Goldberg held that attorneys fees could not be aggregated because it would violate Zahn. Thus, the court in Goldberg viewed attorneys fees as separate and distinct as to each plaintiff and therefore incapable of aggregation. Goldin improperly extended the Goldberg decision on attorney's fees to claims for punitive damages without analyzing whether the class had a common and undivided interest in punitive damages.

Goldin also gives undue emphasis to Ortiz, citing a footnote where the court calculates the jurisdictional amount and allocates a share of punitive damages to each plaintiff. It does not appear from a careful reading of the Ortiz opinion that any party argued or that the court considered whether the class members' punitive damages claims were common and undivided so that they could be aggregated to meet the jurisdictional amount.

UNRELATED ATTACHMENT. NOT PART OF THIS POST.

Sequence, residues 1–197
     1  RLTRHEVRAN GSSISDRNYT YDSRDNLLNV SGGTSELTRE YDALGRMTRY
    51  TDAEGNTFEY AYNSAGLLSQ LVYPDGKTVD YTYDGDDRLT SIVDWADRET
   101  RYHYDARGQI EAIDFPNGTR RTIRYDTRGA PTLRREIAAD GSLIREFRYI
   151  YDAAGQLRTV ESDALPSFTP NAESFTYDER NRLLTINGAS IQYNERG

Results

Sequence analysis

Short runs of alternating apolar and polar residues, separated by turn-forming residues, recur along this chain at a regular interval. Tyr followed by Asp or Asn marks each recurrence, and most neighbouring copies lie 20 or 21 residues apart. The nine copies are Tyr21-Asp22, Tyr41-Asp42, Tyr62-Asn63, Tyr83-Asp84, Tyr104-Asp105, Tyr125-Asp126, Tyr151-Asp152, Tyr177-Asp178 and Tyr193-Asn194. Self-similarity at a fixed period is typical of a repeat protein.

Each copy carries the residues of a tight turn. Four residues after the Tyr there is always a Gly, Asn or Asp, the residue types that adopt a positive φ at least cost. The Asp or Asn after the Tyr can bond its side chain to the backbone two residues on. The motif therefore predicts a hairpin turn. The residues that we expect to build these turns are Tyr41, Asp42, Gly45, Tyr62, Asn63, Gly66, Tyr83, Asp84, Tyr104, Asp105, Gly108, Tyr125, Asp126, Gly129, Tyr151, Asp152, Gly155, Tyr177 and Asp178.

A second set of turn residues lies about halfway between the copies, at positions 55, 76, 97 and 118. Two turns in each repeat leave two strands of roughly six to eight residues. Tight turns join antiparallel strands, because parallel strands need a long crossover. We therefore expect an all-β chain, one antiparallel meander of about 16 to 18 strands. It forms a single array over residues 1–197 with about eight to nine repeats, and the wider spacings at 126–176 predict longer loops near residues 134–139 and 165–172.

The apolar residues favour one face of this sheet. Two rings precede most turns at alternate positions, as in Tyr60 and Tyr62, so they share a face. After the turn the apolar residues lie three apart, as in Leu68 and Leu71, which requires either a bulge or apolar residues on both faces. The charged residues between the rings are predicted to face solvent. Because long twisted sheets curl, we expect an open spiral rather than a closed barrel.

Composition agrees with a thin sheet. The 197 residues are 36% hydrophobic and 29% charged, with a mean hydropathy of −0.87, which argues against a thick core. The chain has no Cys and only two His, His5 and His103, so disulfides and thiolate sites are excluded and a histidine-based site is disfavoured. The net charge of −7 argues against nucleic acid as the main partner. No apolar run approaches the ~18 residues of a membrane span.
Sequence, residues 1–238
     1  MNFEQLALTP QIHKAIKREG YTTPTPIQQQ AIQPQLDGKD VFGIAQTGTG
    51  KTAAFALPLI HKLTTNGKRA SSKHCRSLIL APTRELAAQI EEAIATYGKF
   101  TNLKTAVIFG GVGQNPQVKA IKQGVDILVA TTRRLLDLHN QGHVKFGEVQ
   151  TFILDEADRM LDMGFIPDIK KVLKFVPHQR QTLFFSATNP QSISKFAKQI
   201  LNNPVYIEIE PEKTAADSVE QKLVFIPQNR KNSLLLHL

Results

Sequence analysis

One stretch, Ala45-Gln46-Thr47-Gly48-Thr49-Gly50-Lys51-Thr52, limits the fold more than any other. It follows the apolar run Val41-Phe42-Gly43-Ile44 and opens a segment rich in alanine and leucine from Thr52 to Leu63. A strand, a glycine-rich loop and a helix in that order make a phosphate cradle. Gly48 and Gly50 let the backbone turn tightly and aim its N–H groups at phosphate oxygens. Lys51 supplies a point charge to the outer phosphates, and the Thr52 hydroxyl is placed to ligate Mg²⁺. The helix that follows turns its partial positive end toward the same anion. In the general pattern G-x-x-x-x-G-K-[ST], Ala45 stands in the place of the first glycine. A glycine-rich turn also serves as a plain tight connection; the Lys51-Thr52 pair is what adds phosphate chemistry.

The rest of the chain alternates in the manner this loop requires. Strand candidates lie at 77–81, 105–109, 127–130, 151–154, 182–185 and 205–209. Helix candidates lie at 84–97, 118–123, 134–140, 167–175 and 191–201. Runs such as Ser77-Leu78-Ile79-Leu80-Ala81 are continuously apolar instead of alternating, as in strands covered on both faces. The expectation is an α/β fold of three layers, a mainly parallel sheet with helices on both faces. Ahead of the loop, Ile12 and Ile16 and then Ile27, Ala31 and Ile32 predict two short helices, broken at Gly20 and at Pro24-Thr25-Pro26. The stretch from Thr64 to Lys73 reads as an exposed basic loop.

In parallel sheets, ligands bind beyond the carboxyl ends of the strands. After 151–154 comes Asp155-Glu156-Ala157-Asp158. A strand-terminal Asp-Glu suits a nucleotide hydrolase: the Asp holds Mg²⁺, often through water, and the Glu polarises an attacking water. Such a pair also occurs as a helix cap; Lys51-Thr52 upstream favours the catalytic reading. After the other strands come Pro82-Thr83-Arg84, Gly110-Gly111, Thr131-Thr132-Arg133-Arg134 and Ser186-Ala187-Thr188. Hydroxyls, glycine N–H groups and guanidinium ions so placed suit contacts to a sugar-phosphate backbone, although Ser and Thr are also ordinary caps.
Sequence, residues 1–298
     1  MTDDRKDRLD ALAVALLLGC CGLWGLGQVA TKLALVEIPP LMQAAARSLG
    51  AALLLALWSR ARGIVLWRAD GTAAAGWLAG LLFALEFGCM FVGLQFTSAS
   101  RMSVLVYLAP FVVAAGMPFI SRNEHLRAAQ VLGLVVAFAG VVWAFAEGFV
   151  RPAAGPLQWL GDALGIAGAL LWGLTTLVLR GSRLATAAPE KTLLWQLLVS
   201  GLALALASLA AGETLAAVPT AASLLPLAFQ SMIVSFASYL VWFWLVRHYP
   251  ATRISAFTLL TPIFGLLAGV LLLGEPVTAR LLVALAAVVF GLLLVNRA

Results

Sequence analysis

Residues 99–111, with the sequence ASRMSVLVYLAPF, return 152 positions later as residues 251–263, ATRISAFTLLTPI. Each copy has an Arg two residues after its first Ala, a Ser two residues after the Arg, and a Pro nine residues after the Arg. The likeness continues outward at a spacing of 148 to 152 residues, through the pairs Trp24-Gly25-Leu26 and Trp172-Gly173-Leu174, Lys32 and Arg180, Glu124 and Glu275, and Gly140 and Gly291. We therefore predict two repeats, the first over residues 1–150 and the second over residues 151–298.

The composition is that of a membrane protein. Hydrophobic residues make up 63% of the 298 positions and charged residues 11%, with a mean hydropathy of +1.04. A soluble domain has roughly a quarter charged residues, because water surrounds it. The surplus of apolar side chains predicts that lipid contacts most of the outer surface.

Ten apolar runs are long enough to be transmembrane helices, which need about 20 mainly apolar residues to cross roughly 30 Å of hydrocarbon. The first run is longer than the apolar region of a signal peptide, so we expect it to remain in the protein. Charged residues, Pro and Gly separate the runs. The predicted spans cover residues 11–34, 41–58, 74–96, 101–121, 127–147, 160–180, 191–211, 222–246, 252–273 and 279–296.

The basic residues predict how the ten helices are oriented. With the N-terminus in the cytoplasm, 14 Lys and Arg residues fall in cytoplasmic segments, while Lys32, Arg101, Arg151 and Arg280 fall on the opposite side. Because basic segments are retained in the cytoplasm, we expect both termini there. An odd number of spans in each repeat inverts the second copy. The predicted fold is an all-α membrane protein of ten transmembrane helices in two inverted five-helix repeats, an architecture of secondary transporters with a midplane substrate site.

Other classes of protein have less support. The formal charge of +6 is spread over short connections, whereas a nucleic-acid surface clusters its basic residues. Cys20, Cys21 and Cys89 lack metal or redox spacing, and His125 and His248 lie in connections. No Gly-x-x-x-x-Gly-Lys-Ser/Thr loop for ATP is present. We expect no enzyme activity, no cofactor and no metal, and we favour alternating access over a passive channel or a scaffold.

For these reasons, Goldin is not persuasive authority. Applying the rulings in Martin, Berman, and Dalkon Shield, the Court finds that the plaintiffs in the case at bar have a common and undivided interest in their punitive damages claims. Ordinarily under Louisiana law, a punitive damages claim can be asserted individually. See La. Civ.Code Ann. art. 2315.3 (West Supp. 1991).[7] Here, the plaintiffs right to punitive damages arises from a single event or act of conduct by the defendant. The defendant's conduct is the same with respect to each plaintiff. The plaintiffs have a collective interest in the creation of a fund sufficient to deter any alleged misconduct. Thus, assuming the certification of a class action, there will be one trial to determine *914 punitive damages.[8] No plaintiff will have the right to assert punitive damages individually. The plaintiffs' recovery of punitive damages does not depend on an evaluation of each plaintiff's circumstances. Upon proof that the defendant acted with wanton or reckless disregard for public safety, there will be a punitive damage fund from which all class members who recover compensatory damages will share. Any punitive damage award will be distributed proportionally based on a formula, rather than on any individual factors. The fact that a recovery of punitive damages will be distributed does not affect the integrated nature of the plaintiffs' claims. "The interests of the plaintiffs, vis a vis the matter in controversy, are `common and undivided' and the fact that their interests are separable among themselves is immaterial." Berman, at 316. Thus, the Court finds that the plaintiffs' claims for punitive damages may be aggregated in determining the jurisdictional amount.